Review of Last Lecture
October saw members of The Arts Society Lymingon looking at blue skies, sunshine, lakes, mountains and green gardens. We were wafted off to italy's Lakes Maggiore and Como to admire the elegant gardens overlooking this magnificent scenery. Steven Desmond entranced us all - we nearly upped sticks and caught the next train or plane to go ourselves.
Despite the sunshine in all the pictures we admired on the screen, the rainfall in mountainous northern Italy is considerable, Lake Maggiore has 90 inches per year, more even than Windermere. When you add melt water from the mountains it is no surprise that there are so many lakes, and such green lower slopes and gardens.
Each of the villas had a backdrop and a view of snow-capped mountains, sweet chestnut tree covered slopes, and always a splendid view of the lake. Terraces ensured that the residents could walk between beautiful flowers and admire the spectacular view in front of them.
Lake Como has no flat bits beside it, but where it has been possible people have built, and one of the buildings is Villa Carlotta. Built in the late seventeenth century if was given as a wedding present to Princess Carlotta of Prussia on her marriage to Georg II of Saxe-Meiningen, hence the name. Georg enriched the already lovely gardens importing the newly discovered Rhododendrons and Azaleas which still flower magnificently.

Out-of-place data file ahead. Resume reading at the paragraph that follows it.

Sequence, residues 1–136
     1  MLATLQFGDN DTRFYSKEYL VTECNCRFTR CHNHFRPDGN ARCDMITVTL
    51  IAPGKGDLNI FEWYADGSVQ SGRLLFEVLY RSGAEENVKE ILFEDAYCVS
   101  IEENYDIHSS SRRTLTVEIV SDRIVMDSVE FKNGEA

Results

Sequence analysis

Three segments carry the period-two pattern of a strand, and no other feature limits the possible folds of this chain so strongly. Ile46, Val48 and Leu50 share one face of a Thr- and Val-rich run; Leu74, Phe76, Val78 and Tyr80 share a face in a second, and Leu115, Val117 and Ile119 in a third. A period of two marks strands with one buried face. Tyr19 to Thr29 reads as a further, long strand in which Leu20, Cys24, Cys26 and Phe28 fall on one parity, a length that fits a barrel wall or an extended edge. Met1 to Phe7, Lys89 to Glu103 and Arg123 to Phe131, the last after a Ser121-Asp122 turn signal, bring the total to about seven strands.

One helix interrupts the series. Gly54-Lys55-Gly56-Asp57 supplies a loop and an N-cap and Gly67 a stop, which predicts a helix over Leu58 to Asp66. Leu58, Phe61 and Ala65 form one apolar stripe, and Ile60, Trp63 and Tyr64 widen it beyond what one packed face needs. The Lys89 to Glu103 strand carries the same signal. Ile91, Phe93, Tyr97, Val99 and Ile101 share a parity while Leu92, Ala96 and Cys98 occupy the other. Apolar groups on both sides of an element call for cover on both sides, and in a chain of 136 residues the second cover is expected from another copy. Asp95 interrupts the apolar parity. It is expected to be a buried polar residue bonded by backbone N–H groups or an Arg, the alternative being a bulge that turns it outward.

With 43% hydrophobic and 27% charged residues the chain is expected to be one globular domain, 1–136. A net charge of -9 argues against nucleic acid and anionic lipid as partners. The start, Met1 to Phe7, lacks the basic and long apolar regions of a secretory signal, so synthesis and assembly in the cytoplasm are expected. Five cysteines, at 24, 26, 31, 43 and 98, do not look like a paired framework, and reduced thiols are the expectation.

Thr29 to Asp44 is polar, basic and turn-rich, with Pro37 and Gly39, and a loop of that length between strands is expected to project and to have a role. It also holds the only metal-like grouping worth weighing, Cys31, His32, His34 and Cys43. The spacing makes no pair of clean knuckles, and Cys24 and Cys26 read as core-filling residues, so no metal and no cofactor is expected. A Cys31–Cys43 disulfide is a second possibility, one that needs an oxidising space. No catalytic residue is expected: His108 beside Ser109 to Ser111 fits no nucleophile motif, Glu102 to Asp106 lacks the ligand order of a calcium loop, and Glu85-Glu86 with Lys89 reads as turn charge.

Villa Carlotta, by Carl Hummel, 1855.
We moved on to the Villa Melzi. Built between 1808 and 1810 by Francesco Melzi d'Eril, Vice-President of the First Italian Republic under Napoleon. Upon Napoleon deciding he would rather be King of Italy than have a republic Melzi concentrated on his house and garden. Its neo-classical style is enhanced by the Roman statues and Egyptian sculptures, exotic trees such as Japanese maples and cedars - as well as Rhododendrons and Azaleas. The site slopes gently up the mountain and blends into the trees behind it, while lakeside has the inevitable terraces and landing stage.
Then came the Villa Balbianello, sited on a humped headland, approachable only by walking or from the lake. Along the lakeside is a loggia with an attractive balustrade giving a splendid view.
Our next indulgence was the Villa d'Este, a renaissance residence with 25 acres of parkland. Although there have been changes since its inception the Villa still commands its headland
Stones dragged from the bottom of the lake were used to build many of its features, giving the walls an unusual colour
Between Lakes Como and Maggiore lies the Villa de Como Mazone. The same family have owned it since the twelfth century; one of its more intriguing features is a part of the garden half natural and green, and half stonework imitating nature. The play of the light on the two types of arrangement was fascinating.
We arrived at Lake Maggiore and Isola Bella. The house was begun in 1630 and finished in 1959. Terraces form a ziggurat, with a long climb to the 1797 platform on top giving a magnificent view of everything around. There is also an amphitheatre echoing Parnassus with statues of the Muses, and Apollo.
Our final visit to Villa San Remigo was a sad ending; the villa is closed due to the Tornado in 2012. This centre for artists looked lovely, but we could not include it in our imaginary future tours, as we thanked Steven Desmond for a splendid evening.